On this day in 1957, my favorite banned book was found to have “some redeeming social importance” by a judge in San Francisco who ruled that it was officially “not obscene.” That a full trial was held to determine such a thing about a book of poems is less a testament to the content of the writing than it is a sad commentary on the role of censorship in the United States during the middle of the last century.
The book, Howl and Other Poems, would hardly seem “obscene” or even controversial by today’s standards, but 55 years ago its countercultural poems were so worrisome to the government that the U.S. Customs Department confiscated 520 copies of the book and police arrested the publisher, Lawrence Ferlinghetti, after undercover officers purchased it from him at his bookstore.
To Ferlinghetti’s rescue came the ACLU, which bailed him out of jail and provided him legal defense in what became a well-publicized trial with lasting implications. Nine experts were called upon to speak to the literary value of the book of poems, and eventually the judge agreed that it was not obscene. As is often the case with censorship, the government’s attempt to keep the public from reading Howl backfired. The trial brought significant attention to the poem, and it went on to become one of the most famous of its generation. The author, a young Allen Ginsberg, was likewise catapulted into fame and continued to influence other writers for decades to come.
Though the “other poems” included in the book are wonderful and noteworthy, it is Howl that is most famous, and perhaps most groundbreaking. Beginning with the iconic opening line – “I saw the best minds of my generation destroyed by madness, starving hysterical naked,” – Ginsberg proceeds to describe American society in blunt and unvarnished terms. He writes of “dreams, with drugs, with waking nightmares, with alcohol and cock and endless balls,” and “platonic conversationalists jumping down the stoops off fire escapes off windowsills of Empire State out of the moon, yacketayakking screaming vomiting whispering facts and memories and anecdotes and eyeball kicks and shocks of hospitals and jails and wars.”
Passages like that – many with overt and unfiltered references to drugs and gay sex – helped cause the uproar over the book’s publishing. But it wasn’t just the content that riled the status quo; the poem’s structure was also a threat. Howl broke new poetic ground not only with its intense and psychedelic imagery, but also with its stream-of-consciousness style, including a 2,124-word sentence that cast aside traditional meter and rhythm like never before.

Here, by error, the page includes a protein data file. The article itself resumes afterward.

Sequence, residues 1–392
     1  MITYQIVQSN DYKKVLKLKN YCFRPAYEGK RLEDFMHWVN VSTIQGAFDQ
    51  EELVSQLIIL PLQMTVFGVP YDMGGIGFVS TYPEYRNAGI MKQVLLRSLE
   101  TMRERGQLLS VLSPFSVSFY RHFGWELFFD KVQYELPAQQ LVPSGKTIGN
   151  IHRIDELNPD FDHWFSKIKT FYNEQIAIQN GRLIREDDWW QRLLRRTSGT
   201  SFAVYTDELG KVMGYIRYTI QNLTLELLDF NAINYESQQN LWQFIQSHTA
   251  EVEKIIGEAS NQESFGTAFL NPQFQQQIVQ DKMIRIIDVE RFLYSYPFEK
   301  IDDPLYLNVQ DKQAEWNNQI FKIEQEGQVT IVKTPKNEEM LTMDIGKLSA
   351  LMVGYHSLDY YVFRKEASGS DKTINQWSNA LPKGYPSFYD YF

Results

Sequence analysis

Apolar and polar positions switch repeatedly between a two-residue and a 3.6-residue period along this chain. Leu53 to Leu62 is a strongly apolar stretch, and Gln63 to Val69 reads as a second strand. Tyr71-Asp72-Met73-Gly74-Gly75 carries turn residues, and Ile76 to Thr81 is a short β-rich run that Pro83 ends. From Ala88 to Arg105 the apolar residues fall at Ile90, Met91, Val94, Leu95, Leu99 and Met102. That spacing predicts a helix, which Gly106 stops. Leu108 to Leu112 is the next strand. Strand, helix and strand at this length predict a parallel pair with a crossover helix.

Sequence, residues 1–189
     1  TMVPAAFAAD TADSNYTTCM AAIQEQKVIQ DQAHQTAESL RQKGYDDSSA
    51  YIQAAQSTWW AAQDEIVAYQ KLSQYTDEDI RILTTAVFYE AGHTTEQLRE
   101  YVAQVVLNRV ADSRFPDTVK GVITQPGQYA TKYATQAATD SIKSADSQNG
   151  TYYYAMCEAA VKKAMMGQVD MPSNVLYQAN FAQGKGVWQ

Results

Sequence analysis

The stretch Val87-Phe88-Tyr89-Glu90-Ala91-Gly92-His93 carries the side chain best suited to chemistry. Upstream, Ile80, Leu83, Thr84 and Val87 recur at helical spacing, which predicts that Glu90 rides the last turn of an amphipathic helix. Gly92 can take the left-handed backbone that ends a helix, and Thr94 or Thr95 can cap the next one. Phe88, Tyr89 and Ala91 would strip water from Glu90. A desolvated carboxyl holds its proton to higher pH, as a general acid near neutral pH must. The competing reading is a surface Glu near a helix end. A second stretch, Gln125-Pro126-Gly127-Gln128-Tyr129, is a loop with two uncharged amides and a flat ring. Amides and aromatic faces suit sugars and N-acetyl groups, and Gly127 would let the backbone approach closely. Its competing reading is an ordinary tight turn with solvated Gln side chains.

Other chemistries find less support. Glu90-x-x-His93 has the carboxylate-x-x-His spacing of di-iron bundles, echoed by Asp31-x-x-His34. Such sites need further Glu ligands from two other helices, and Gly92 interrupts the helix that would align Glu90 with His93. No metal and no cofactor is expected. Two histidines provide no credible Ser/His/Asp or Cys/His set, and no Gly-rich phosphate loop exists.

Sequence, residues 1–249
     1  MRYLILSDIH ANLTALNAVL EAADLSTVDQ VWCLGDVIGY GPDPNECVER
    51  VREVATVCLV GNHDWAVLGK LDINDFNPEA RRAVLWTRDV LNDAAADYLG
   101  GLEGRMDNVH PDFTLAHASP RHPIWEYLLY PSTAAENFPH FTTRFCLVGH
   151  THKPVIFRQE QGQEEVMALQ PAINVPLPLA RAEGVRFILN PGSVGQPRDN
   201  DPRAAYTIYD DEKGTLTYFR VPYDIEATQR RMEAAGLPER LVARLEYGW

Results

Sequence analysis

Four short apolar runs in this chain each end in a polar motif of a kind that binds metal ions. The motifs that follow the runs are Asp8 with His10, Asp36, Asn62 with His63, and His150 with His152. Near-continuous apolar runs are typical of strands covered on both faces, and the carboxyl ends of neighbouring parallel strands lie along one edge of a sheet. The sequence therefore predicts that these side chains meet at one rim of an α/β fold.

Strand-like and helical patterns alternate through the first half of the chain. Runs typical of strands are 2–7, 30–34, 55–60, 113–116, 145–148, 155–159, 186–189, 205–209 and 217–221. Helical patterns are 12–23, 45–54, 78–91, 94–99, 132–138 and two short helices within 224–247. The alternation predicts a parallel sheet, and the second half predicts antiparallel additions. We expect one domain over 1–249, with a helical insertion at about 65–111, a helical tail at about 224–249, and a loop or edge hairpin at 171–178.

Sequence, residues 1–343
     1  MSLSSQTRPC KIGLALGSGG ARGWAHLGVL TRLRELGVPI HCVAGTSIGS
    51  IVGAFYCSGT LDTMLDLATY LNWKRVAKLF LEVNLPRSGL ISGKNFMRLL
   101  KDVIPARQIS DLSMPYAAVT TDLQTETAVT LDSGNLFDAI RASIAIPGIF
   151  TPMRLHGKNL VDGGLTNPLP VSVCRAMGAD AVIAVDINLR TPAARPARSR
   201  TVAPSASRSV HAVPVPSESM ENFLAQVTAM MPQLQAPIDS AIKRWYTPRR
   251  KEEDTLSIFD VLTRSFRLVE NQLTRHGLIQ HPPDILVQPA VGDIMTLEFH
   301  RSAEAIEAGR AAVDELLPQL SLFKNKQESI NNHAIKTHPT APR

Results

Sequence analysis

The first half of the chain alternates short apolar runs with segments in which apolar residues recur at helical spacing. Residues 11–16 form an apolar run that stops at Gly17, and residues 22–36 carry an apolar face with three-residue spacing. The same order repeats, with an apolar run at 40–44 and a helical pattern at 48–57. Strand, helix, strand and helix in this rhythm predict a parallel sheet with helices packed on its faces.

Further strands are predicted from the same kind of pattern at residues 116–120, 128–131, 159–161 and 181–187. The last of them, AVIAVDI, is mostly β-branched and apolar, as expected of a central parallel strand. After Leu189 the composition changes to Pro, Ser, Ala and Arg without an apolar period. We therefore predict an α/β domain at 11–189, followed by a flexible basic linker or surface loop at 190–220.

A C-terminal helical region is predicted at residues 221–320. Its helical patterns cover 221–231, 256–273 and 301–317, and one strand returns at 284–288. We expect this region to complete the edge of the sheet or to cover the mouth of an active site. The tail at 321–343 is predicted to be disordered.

Today Howl is considered a classic, and rightly so. It is also precisely the type of writing that needs protection from the First Amendment. Its subject matter is intense and wild and rebellious. Its message runs counter to the prevailing themes being pushed by the government, yet it rings true and speaks to the real concerns of a complex society. While at first it was met with doubt and charges of obscenity, over time it became recognized for its ingenuity and innovation, and its influence has grown ever since.
It makes me proud that in 1957 the ACLU was there to defend Ginsberg and Ferlinghetti against the government’s misguided effort to silence them. It speaks not only to our organization’s firm commitment to the ideals of free speech and free press, but also to our longevity. We’ve been fighting this fight for a long, long time. As we celebrate Banned Books Week, poems like Howl remind us why it is so important to challenge censorship, and why the ACLU plays such a critical role in doing so.
I hope you’re enjoying our staff’s “favorite banned book” series, and please join in the fun by sending us your favorites as well. We’d love to hear which banned books mean the most to you, so e-mail me your pick at jgaither@aclumaine.org or follow us on Facebook and post your choice in the comments section.